Swinburne University of Technology is offering a free on-line course on autism starting on April 2nd. This is an open university course geared for parents and carers of people with autism and those who work with people with autism. It is a self-paced course requiring two hours of contact per week. For details, click here.
Executive functioning issues can cause children to have trouble planning, managing time and organizing. The classroom environment can be particularly challenging. Amanda Morin gives some great tips in her blog post on Classroom Accommodations for Executive Functioning Issues. These strategies are simple to implement and use materials that are easy to find or make. Checklists and concrete, simply written directions can go a long way.
Judy Endow, adult with autism, has done another brilliant blog post on why an autistic adult does not look like an autistic child. She talks about the maturation process and how experience, accommodations, teaching and skill building can help a person with autism cope better in their day to day life.
A developmental delay is not stagnant. “Developmentally appropriate things that cannot be done at the correct age can often be accomplished later in life.” Judy raises many important points in her blog. Her insight on friendship is so true because even when there is a developmental age separation in the younger years which cause difficulties, this can disappear as we age as no one cares if there is an age difference when you’re in your 30’s or 50’s. Judy and I are 11 years apart and we never even think about it or notice it when we’re together.
Children and teens with autism can be particularly vulnerable to online dangers. The new book Online Safety for Children and Teens on the Autism Spectrum explains how you can help your child to navigate websites, chat rooms and social media safely.
Providing all the information needed to monitor, educate and guide your child’s computer use, the book discusses key concerns such as parental control, social networking, grooming, cyber bullying, internet addiction and hacking. The risks and the warning signs to look out for are clearly explained alongside useful advice and examples from real-life experiences. A Digispeak Dictionary is included that decodes the cryptic language of online slang and there are downloadable forms to help record your child’s internet use.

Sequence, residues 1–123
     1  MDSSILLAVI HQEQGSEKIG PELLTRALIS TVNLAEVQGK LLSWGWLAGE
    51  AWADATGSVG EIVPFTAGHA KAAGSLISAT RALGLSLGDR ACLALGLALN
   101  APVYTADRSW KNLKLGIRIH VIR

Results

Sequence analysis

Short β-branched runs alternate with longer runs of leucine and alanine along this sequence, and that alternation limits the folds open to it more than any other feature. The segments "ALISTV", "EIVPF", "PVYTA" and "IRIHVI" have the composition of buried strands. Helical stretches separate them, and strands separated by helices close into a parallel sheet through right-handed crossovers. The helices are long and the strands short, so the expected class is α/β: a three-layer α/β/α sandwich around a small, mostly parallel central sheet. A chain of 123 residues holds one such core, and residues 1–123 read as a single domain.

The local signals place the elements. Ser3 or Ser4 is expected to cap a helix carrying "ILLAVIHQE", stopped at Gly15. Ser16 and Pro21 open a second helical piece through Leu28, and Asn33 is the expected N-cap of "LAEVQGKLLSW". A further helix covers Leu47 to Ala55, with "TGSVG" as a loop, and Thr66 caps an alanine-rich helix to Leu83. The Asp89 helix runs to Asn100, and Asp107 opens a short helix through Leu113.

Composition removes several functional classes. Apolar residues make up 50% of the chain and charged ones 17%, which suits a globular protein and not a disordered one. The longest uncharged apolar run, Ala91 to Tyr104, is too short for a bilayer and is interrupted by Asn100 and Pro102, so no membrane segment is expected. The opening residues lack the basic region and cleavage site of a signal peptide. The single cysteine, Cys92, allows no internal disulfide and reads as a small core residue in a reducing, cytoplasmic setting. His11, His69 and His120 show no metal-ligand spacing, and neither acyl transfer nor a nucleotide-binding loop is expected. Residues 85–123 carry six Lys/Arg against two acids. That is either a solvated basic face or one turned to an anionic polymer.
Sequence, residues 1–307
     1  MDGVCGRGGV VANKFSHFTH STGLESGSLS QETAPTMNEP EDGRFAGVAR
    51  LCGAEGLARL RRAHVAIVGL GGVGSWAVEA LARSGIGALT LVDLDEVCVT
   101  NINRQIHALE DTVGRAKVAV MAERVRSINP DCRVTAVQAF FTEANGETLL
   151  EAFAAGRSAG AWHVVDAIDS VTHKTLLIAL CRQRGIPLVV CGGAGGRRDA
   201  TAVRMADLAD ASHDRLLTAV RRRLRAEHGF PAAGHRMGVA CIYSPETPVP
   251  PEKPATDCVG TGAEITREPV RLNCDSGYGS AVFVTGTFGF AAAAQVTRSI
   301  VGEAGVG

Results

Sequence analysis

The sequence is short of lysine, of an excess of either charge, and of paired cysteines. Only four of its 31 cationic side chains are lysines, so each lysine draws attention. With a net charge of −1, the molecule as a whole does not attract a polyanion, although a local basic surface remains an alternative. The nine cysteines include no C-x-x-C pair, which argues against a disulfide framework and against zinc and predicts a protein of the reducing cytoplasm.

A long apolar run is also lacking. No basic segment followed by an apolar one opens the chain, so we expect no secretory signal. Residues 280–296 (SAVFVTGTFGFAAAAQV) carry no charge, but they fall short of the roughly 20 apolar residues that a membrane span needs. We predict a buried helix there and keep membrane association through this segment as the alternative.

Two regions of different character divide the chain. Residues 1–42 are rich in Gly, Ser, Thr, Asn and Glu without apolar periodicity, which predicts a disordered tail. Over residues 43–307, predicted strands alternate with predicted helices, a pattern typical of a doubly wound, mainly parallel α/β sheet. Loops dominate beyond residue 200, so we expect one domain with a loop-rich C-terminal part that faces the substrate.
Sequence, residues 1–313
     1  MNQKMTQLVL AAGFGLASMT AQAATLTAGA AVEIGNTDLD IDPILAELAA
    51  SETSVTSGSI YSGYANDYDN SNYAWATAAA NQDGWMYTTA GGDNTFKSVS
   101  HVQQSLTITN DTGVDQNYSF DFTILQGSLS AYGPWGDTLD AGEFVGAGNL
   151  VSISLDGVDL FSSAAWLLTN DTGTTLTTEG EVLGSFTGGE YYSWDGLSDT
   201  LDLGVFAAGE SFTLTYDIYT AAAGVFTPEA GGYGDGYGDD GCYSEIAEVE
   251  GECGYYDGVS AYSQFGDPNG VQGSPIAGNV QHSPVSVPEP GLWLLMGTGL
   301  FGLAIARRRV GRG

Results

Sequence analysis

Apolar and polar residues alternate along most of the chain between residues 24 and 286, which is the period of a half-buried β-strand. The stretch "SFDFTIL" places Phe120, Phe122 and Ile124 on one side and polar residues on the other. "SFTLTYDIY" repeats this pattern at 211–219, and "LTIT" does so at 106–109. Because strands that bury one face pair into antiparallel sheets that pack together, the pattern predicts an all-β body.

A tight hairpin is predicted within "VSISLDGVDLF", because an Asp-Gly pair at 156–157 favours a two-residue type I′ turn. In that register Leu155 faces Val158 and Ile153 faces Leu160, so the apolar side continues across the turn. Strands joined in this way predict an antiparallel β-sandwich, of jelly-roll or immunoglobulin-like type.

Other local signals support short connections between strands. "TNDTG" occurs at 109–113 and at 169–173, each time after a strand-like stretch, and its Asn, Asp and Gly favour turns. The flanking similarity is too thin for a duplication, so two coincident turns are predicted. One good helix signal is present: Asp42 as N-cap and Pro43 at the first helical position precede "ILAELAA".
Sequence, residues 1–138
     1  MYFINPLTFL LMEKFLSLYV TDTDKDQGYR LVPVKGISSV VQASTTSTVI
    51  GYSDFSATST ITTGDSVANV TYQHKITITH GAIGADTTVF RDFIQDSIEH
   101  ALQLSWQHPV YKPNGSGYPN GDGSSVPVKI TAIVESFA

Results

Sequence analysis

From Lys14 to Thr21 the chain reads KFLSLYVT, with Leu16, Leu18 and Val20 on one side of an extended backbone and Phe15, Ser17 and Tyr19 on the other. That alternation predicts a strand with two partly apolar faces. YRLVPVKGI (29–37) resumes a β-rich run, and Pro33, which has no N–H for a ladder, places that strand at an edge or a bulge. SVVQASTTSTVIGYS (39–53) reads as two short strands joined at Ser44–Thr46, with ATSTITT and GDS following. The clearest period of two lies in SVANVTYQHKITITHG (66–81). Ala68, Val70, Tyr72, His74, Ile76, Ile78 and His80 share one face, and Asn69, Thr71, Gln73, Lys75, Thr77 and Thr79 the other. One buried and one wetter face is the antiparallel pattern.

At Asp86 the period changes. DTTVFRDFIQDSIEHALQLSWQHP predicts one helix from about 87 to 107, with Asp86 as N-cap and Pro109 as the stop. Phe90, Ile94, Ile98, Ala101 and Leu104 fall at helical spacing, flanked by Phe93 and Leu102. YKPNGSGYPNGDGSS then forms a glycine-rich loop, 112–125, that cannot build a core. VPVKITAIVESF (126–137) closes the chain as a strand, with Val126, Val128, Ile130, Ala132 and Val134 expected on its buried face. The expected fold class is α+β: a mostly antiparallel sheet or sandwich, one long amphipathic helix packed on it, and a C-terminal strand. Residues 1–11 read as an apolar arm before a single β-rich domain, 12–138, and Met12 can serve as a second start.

The practical solutions in this book will give you peace of mind and ensure that your child can enjoy the educational and social benefits of the internet in safety.
Help children to understand and manage their anxiety with this new engaging and imaginative workbook entitled Starving the Anxiety Gremlin for Children Aged 5-9.
The Anxiety Gremlin is a mischievous creature who loves to gobble up your anxious feelings! The more anxiety you feed him, the bigger and bigger he gets and the more and more anxious you feel! How can you stop this? Starve your Anxiety Gremlin of anxious thoughts, feelings and behaviours, and watch him shrink!
Based on cognitive behavioural principles, this workbook uses fun and imaginative activities to teach children how to manage their anxiety by changing how they think and act – getting rid of their Anxiety Gremlins for good! Bursting with stories, puzzles, quizzes, and colouring, drawing and writing games, this is a unique tool for parents or practitioners to use with children aged 5 to 9 years.
These are the highlights of what in the world is going on in autism for April 2015.
Editorial Policy: Autism Awareness Centre believes that education is the key to success in assisting individuals who have autism and related disorders. Autism Awareness Centre’s mission is to ensure our extensive autism resource selection features the newest titles available in North America. Note that the information contained on this web site should not be used as a substitute for medical care and advice.